This article proposes legislative procedural reforms accounting for the realities of consumer arbitration that have threatened and denied consumers' access to remedies for companies' violations of public, or statutory, warranty remedies under the Magnuson-Moss Warranty Act (MMWA). Furthermore, the Article proposes to clarify and expand the MMWA's current dispute resolution template in order to resolve judicial disagreement regarding the template's application and foster beneficial use of finding arbitration. Accordingly, this is not a call to ban all pre-dispute arbitration clauses in consumer contracts, but is instead an invitation for more politically palatable reforms that preserve both companies' savings and consumers' …


Consideration Of 'Contracting Culture' In Enforcing Arbitration Provisions, Amy J. Schmitz Oct 2007

Consideration Of 'Contracting Culture' In Enforcing Arbitration Provisions, Amy J. Schmitz

Faculty Publications

The Federal Arbitration Act mandates strict and uniform enforcement of standardized pre-dispute arbitration provisions. This may not be proper, however, in light of the importance of context with respect to these provisions. This Article therefore seeks to remind courts of the importance of exchange context by proposing a "contracting culture" continuum for enforcing these arbitration provisions that acknowledges the impacts of these provisions in a particular communal context. "Contracting culture" encompasses economic and non-economic relational factors that impact dispute resolution agreements, but go beyond common conceptions of "culture" focused on ethnicity, nationality, or religion. It also explores beyond the primary …


Refreshing Contractual Analysis Of Adr Agreements By Curing Bipolar Avoidance Of Modern Common Law, Amy J. Schmitz Oct 2004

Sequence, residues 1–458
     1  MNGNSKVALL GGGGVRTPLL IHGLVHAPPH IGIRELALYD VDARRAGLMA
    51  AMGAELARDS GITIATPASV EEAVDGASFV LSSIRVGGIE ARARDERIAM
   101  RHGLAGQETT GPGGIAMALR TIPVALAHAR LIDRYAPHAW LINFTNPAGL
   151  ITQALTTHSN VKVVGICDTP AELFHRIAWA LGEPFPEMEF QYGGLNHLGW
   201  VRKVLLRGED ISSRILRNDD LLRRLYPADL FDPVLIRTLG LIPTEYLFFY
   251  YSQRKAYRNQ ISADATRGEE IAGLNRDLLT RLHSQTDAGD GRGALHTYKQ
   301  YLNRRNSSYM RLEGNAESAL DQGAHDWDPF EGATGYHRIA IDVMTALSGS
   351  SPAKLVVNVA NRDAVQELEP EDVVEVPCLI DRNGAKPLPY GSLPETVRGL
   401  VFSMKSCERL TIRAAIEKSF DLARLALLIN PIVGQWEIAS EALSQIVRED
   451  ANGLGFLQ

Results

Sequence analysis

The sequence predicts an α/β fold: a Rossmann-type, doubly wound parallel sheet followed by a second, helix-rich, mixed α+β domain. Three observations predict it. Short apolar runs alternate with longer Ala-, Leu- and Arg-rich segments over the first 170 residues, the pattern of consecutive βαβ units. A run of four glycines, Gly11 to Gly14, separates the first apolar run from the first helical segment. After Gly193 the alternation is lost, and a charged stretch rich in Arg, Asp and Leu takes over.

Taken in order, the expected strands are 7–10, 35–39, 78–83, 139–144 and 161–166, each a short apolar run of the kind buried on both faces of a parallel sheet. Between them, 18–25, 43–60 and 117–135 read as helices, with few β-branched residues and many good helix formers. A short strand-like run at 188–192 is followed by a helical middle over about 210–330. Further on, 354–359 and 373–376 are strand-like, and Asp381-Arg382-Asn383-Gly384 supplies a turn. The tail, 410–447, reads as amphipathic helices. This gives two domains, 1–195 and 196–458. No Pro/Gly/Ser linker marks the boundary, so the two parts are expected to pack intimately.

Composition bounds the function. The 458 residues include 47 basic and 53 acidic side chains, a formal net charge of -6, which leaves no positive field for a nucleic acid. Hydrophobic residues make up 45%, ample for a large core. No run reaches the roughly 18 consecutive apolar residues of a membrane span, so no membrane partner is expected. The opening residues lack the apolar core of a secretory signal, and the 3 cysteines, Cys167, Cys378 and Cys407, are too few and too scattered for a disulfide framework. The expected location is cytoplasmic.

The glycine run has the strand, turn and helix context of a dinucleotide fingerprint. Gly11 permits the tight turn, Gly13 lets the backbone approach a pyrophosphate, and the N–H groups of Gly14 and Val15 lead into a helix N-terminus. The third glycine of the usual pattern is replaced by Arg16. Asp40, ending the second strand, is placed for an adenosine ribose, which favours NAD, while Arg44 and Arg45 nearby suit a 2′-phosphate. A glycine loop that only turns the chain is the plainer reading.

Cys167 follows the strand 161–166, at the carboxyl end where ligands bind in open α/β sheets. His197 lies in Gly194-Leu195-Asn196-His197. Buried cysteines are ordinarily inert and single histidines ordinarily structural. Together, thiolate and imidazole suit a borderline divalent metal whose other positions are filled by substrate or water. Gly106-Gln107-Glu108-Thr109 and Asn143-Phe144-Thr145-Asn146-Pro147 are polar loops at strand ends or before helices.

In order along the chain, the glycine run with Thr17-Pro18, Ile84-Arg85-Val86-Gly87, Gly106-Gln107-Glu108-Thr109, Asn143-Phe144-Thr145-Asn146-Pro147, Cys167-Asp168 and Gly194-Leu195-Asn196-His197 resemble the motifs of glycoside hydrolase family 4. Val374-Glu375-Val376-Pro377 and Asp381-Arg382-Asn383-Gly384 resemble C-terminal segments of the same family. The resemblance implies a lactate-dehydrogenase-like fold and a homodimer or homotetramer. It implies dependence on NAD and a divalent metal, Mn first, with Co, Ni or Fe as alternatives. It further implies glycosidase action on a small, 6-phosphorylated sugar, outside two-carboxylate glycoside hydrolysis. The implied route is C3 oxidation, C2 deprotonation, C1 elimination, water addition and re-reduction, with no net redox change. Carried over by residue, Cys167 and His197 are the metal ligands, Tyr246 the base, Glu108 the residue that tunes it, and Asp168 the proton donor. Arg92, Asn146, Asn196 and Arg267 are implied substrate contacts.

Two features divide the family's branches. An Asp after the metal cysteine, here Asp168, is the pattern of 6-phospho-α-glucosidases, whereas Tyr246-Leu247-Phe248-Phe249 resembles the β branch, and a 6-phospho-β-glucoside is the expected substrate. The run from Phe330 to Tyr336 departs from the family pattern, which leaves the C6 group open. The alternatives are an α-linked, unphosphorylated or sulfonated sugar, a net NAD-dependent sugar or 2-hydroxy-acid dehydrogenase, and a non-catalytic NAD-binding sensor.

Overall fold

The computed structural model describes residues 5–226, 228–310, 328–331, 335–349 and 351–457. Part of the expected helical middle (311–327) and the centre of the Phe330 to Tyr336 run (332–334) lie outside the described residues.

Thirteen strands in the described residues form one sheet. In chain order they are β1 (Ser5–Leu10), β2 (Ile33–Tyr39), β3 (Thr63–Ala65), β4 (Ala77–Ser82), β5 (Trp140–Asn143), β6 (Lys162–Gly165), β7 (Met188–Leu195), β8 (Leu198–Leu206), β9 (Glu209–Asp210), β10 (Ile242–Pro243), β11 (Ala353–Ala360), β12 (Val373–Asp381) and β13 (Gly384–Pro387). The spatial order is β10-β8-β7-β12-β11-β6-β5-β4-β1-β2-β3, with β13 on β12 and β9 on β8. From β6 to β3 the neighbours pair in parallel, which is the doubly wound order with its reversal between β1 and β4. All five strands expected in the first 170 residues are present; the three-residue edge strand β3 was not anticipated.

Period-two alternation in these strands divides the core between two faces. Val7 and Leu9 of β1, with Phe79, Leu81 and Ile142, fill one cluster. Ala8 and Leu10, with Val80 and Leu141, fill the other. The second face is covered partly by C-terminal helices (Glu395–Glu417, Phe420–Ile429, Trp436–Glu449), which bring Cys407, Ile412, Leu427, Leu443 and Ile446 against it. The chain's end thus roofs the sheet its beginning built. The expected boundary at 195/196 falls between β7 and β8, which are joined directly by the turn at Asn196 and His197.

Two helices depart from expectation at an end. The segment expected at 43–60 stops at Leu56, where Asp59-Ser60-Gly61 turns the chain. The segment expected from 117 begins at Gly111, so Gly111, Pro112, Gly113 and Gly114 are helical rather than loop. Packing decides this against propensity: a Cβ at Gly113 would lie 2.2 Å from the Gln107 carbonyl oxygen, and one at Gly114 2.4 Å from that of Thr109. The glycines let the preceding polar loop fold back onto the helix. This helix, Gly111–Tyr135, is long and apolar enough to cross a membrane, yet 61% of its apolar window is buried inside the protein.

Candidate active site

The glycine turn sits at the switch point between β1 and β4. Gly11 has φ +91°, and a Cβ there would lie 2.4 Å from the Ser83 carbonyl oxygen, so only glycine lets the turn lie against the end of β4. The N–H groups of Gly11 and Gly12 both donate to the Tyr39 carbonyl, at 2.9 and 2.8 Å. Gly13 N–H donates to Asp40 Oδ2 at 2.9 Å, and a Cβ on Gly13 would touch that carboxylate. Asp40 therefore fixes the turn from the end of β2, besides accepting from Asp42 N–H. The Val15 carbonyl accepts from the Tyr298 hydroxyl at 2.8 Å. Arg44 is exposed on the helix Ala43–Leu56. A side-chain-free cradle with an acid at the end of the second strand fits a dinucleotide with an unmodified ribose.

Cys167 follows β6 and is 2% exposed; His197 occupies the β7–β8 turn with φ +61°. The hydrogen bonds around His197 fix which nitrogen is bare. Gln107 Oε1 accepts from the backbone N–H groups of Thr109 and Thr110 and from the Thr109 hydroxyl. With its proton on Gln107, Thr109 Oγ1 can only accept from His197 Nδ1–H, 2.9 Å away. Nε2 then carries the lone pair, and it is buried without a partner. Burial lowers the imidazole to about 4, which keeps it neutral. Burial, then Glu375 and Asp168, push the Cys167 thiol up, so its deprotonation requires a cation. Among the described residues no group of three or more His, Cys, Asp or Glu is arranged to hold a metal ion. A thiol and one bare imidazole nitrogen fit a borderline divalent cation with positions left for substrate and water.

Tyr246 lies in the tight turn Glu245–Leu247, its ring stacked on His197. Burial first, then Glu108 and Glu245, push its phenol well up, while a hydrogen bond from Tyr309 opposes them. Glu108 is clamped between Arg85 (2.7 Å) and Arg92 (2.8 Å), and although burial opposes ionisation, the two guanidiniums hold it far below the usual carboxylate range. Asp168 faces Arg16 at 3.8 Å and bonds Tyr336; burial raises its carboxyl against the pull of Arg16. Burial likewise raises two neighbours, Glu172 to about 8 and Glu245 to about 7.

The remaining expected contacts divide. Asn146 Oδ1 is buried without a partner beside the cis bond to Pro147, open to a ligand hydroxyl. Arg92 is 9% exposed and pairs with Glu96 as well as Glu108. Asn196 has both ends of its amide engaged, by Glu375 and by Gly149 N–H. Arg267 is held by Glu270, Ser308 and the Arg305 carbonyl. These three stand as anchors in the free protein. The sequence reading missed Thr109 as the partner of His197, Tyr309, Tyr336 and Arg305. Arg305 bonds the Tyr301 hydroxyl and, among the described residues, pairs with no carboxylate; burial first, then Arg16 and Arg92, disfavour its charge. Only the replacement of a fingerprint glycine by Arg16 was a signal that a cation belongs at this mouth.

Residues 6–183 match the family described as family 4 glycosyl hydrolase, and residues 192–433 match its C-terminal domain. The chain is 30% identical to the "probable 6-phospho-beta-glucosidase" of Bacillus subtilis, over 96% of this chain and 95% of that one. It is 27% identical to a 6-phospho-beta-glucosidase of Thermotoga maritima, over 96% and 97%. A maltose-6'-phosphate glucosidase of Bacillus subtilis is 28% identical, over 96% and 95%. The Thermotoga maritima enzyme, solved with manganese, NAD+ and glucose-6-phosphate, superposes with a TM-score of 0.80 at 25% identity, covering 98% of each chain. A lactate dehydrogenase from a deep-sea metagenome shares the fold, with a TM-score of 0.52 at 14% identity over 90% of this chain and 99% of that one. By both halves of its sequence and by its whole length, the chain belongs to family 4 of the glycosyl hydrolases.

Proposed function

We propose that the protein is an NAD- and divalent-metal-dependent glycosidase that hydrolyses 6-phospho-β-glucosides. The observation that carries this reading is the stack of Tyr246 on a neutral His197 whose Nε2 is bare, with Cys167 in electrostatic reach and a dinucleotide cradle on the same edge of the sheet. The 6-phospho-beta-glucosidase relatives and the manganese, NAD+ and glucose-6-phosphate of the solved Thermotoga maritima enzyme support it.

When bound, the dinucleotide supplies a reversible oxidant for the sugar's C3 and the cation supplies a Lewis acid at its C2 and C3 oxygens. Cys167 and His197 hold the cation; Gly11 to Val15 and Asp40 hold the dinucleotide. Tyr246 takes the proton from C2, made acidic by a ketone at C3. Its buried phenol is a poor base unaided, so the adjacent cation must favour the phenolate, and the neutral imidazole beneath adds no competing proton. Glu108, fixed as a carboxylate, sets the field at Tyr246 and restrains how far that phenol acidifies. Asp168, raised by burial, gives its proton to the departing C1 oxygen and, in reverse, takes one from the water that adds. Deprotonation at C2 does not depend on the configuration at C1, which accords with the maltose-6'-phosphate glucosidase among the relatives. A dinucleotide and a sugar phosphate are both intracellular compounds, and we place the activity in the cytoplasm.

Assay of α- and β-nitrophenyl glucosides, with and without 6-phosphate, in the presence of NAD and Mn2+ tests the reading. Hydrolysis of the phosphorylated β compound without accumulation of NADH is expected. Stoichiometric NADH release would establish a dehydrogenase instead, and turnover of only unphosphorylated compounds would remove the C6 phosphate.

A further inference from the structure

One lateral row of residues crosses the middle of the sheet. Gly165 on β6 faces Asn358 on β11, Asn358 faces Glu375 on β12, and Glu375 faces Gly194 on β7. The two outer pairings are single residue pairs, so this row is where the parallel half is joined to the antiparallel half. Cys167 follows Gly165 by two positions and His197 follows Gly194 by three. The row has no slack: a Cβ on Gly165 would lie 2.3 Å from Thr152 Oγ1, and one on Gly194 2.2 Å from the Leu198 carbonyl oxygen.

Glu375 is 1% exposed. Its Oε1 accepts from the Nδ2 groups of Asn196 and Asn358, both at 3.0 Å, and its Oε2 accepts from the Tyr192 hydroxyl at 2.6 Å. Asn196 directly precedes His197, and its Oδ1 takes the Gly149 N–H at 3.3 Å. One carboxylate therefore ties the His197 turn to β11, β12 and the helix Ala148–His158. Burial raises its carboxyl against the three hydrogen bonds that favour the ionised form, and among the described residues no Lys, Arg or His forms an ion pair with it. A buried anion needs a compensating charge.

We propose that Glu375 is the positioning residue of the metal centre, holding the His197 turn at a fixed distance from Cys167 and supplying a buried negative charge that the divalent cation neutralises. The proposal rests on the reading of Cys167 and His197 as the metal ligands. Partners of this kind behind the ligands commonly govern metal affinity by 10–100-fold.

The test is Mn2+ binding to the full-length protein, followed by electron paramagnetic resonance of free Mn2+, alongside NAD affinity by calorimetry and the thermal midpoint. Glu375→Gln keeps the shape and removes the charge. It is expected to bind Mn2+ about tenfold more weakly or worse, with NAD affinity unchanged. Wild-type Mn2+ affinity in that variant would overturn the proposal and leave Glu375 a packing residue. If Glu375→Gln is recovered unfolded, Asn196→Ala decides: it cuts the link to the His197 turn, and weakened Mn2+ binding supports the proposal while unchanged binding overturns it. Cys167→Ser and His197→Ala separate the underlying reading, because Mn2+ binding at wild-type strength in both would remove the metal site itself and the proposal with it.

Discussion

Refreshing Contractual Analysis Of Adr Agreements By Curing Bipolar Avoidance Of Modern Common Law, Amy J. Schmitz

Faculty Publications

Law governing enforcement of ADR agreement not governed by the Federal Arbitration Act (FAA) has been uncertain, and often aimless. This Article therefore calls for clarification of this law, through development of a modern contractual approach for enforcing these non-FAA ADR procedures. Although courts may look to the FAA as a resource for evaluating and developing an enforcement approach, they also should employ modern contract and remedy tools that are more adaptive than the Act's summary enforcement because it allow courts to consider contextual, relational, and equitable factors when determining application of specific enforcement remedies. This allows courts to apply …


Purchase Money Security Interests In The Preference Zone: Questions Answered And Questions Raised By The 1994 Amendments To Bankruptcy Code 547, Timothy R. Zinnecker Jan 1997

Purchase Money Security Interests In The Preference Zone: Questions Answered And Questions Raised By The 1994 Amendments To Bankruptcy Code 547, Timothy R. Zinnecker

Missouri Law Review

In October 1994, Congress approved the Bankruptcy Reform Act of 1994,' which revised various provisions of the United States Bankruptcy Code. The revisions included two amendments to the preference statute, 11 U.S.C. §547. Historically, a creditor generally could preserve from preference attack an otherwise voidable purchase money security interest if the creditor perfected its security interest no later than the tenth day after the debtor first possessed the collateral. After first discussing the basics of a preference attack on an Article Nine security interest, this article summarizes the leading cases that prompted Congress to amend 11 U.S.C. § 547(c)(3)(B), suggests …